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Evangelical Miscellany.

OCTOBER, 1836.


The village of Wilford is situated on the banks of the Trent, and at the foot of Clifton Woods. These woods were the favorite resort of the late lamented Kirke White, and form the subject of the longest poem in the volume which he published. He delighted, says his biographer, to point out to his friends the scenery of this poem, the islet to which he had often forded when the river was not knee deep, and the little hut wherein he had sate for hours, and sometimes all day long reading or writing, or dreaming with his eyes open. He had sometimes wandered in these woods till night far advanced, and used to speak with pleasure of having once been overtaken there by a thunder storm at midnight, and watching the lightning over the river and the vale towards the town.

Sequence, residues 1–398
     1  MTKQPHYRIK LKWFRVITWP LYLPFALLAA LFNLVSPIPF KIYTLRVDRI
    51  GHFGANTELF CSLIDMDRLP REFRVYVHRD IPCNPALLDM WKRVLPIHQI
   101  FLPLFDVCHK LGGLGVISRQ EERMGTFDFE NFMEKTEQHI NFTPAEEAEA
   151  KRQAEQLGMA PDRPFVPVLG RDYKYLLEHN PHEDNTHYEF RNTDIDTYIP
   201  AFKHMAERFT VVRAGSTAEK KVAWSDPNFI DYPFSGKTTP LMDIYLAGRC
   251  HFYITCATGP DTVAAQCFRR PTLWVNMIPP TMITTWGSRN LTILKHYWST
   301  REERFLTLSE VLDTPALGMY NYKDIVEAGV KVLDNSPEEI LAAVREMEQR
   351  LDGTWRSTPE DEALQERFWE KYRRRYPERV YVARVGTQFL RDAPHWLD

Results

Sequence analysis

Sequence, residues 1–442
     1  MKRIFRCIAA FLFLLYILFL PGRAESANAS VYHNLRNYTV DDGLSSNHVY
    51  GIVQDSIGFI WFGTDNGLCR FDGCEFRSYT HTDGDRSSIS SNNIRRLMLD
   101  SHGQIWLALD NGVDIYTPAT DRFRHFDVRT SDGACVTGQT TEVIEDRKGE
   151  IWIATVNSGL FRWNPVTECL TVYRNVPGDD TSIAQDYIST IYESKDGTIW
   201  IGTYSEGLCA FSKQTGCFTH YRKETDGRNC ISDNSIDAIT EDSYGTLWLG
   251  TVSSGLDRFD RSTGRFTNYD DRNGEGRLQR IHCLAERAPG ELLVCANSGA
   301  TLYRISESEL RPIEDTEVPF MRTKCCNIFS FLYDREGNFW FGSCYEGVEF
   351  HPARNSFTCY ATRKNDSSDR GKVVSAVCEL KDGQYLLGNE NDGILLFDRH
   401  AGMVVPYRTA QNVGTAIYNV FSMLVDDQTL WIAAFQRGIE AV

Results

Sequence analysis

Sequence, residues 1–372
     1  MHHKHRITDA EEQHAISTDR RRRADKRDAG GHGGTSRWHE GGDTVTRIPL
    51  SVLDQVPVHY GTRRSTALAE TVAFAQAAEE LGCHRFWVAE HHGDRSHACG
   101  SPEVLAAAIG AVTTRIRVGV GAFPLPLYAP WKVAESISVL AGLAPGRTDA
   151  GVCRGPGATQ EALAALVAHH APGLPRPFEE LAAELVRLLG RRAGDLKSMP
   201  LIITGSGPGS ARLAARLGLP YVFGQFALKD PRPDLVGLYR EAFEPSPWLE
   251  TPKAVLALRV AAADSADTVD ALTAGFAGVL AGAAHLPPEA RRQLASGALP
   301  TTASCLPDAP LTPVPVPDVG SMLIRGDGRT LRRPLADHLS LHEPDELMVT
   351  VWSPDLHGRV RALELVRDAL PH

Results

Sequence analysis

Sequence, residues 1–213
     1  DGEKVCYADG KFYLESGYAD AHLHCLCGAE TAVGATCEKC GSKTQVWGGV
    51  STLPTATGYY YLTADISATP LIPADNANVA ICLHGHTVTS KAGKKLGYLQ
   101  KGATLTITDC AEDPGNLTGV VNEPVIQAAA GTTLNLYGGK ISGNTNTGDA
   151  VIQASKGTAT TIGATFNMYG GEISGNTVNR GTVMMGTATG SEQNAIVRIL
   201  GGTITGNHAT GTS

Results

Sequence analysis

In this village his mother provided lodgings for him when his employers gave him a month's leave of absence from the fatigues of a lawyer's office, that he might pursue those studies which were more


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congenial to his taste, uninterruptedly. This he did with so much ardour, that his health gradually declined, and at length he had a sharp fit of sickness, on his recovery from which his “ Lines written in Wilford church-yard" were composed.


(Continued from page 312.) We have already devoted our thoughts to the nature of the Christian Race; to the mercy of Him, who has opened such a way to glory and to God; and we have shewn, in whose strength alone we can enter, or proceed therein. For the race is not to the swift, nor the battle to the strong; but it is God who worketh in us, both to will and to do, of his good pleasure.